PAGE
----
TRiO Program Provides New Levels of Student Support

Rutgers University–Camden Commencement 2016

By Caroline Yount

A Rutgers University–Camden program designed to support students who come from disadvantaged circumstances has expanded its reach to give even more opportunities to the undergrads it serves.

TRiO Student Support Services, a success program that provides academic and other support services to undergraduates who are low-income, first-generation college attendees and students with disabilities, provided $36,000 in scholarships to Rutgers–Camden students for learning abroad opportunities and summer classes during 2015-16.

While studying overseas can broaden any student’s perspective on the world, “these opportunities have a high impact and are especially beneficial for students from disadvantaged backgrounds. They are transformative,” says Pamela Clark, project director for TRiO. Studies show that students experience greater academic gains in their coursework after learning abroad, she adds.

Learning abroad programs, however, tend to lack diversity and many students may not even consider the possibility of international study, Clark says. This is why the program now provides three scholarships designed to expand access to international experiences. Each year, recipients of the scholarship will be learning abroad for the first time. The scholarships are made possible by a grant from the U.S. Department of Education, with support from Rutgers–Camden.

“We want to ensure that these opportunities to learn abroad are real for all students,” Clark says.

TRiO students at Rutgers–Camden may apply for the learning abroad scholarships, which will be available again in 2016-17. The goal of TRiO is to help the students succeed and graduate in a timely manner, well equipped for future opportunities. Support services include academic coaching and advising, one-on-one professional/peer tutoring and peer mentoring, other academic enrichment, and financial literacy workshops.

In addition to helping students study abroad, TRiO awarded grants that enabled 18 students to take classes at Rutgers–Camden this summer. As with learning abroad grants, a portion of the money comes from the U.S. Department of Education, with matching institutional funds. The grants were awarded to eligible and engaged students who have successfully fulfilled the obligations of the program. Providing grants for summer classes, Clark says, is critical because typically students would need to take out loans to fund summer coursework.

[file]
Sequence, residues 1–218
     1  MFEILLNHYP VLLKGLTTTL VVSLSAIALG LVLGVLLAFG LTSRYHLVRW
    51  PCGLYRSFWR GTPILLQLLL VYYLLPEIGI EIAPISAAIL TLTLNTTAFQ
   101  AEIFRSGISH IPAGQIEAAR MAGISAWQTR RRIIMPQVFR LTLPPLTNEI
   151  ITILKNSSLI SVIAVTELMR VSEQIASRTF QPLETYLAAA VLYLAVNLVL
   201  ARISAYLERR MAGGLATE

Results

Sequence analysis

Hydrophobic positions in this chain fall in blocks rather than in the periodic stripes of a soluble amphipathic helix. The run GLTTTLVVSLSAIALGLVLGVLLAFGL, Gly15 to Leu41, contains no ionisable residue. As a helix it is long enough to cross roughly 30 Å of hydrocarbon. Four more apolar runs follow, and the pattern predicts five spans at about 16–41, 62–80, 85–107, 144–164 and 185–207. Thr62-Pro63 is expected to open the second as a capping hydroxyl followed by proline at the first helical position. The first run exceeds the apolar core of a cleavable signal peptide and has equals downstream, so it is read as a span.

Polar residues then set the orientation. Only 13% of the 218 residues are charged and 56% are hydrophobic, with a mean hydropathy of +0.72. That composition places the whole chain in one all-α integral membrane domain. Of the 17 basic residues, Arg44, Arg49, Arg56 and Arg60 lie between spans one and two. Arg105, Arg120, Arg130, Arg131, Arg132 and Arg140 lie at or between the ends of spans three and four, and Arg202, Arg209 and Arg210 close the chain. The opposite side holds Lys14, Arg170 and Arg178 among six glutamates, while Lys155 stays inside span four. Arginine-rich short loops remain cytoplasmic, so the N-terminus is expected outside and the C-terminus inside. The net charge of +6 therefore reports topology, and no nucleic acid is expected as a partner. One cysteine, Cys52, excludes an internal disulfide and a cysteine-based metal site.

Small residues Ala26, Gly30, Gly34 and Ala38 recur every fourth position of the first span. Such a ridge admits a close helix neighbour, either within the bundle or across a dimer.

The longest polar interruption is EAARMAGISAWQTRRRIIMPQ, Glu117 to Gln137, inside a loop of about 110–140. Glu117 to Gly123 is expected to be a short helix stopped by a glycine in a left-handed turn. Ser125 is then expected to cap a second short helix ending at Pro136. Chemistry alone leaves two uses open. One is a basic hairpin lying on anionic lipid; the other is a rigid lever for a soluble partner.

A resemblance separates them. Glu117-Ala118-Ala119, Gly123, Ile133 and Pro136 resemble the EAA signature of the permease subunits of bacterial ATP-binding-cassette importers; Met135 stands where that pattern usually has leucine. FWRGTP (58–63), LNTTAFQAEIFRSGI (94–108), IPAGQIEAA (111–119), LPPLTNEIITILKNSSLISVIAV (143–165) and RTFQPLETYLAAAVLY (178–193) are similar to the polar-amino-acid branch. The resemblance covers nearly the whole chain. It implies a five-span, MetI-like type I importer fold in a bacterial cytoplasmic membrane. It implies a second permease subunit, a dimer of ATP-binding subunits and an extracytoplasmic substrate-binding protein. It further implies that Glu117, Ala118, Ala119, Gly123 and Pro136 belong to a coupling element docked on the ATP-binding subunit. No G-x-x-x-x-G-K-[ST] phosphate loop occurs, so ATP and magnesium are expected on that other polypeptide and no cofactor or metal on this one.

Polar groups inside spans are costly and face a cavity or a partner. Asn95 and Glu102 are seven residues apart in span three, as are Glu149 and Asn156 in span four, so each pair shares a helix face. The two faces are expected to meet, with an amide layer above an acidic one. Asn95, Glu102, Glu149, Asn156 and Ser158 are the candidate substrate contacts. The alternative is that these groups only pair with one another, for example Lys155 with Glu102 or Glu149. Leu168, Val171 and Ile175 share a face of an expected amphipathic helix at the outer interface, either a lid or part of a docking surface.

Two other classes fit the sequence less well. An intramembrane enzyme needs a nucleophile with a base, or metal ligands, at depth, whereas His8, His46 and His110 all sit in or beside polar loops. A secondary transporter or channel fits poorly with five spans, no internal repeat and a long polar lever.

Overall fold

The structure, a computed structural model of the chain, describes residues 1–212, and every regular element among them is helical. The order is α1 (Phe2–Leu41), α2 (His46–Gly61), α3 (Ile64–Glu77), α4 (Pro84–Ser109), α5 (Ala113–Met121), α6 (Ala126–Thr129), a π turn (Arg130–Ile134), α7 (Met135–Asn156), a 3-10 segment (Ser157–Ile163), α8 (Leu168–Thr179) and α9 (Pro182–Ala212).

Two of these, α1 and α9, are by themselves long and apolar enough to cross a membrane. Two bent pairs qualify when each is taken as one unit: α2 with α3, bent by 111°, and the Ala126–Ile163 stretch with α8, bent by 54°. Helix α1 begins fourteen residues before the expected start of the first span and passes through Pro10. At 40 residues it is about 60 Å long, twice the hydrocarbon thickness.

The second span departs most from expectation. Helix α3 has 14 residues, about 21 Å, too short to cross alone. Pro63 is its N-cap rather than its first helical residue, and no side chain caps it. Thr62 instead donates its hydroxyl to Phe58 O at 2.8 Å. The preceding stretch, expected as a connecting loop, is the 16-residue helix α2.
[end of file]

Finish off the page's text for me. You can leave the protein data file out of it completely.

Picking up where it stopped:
“We do not want our students to assume any unnecessary student loan debt,” Clark says.

Summer classes are a key way to help students stay on track with their education and finish their degrees faster. Whether a student needs to progress in required classes needed for graduation, take a developmental class, or retake a course, the grants “are about setting them up to be where they need to be in the fall. They also keep the students educationally focused and motivated,” Clark says.

Argenis Reyes, a double major in psychology and computer science, took Social Psychology and Object Oriented Programming classes this summer, thanks to the TRiO grant he received. Originally majoring in biology, Reyes’ interests led him to change his major to computer science. Being able to take the summer programming course, a prerequisite for many of the computer science classes he will need to take in the next academic year, means an earlier graduation date. Reyes hopes that a job in computer science after graduation means “going to grad school without taking out loans.”

For Desiree Harris, who is between her junior and senior years, the three psychology classes she took this summer mean that she will be able to graduate in spring 2017.

Because she continued her studies, Harris says she has been able to get a head start on her senior thesis project, a study examining the impact of parenting on children facing extreme adversity and trauma. In addition to her classes this summer, Harris has met with her faculty adviser regularly and submitted a proposal to present her research at a national conference next year. “Without the grant, I would not have been able to take courses this summer,” Harris said.

Learn more about the TRiO Student Support Services program at Rutgers–Camden.

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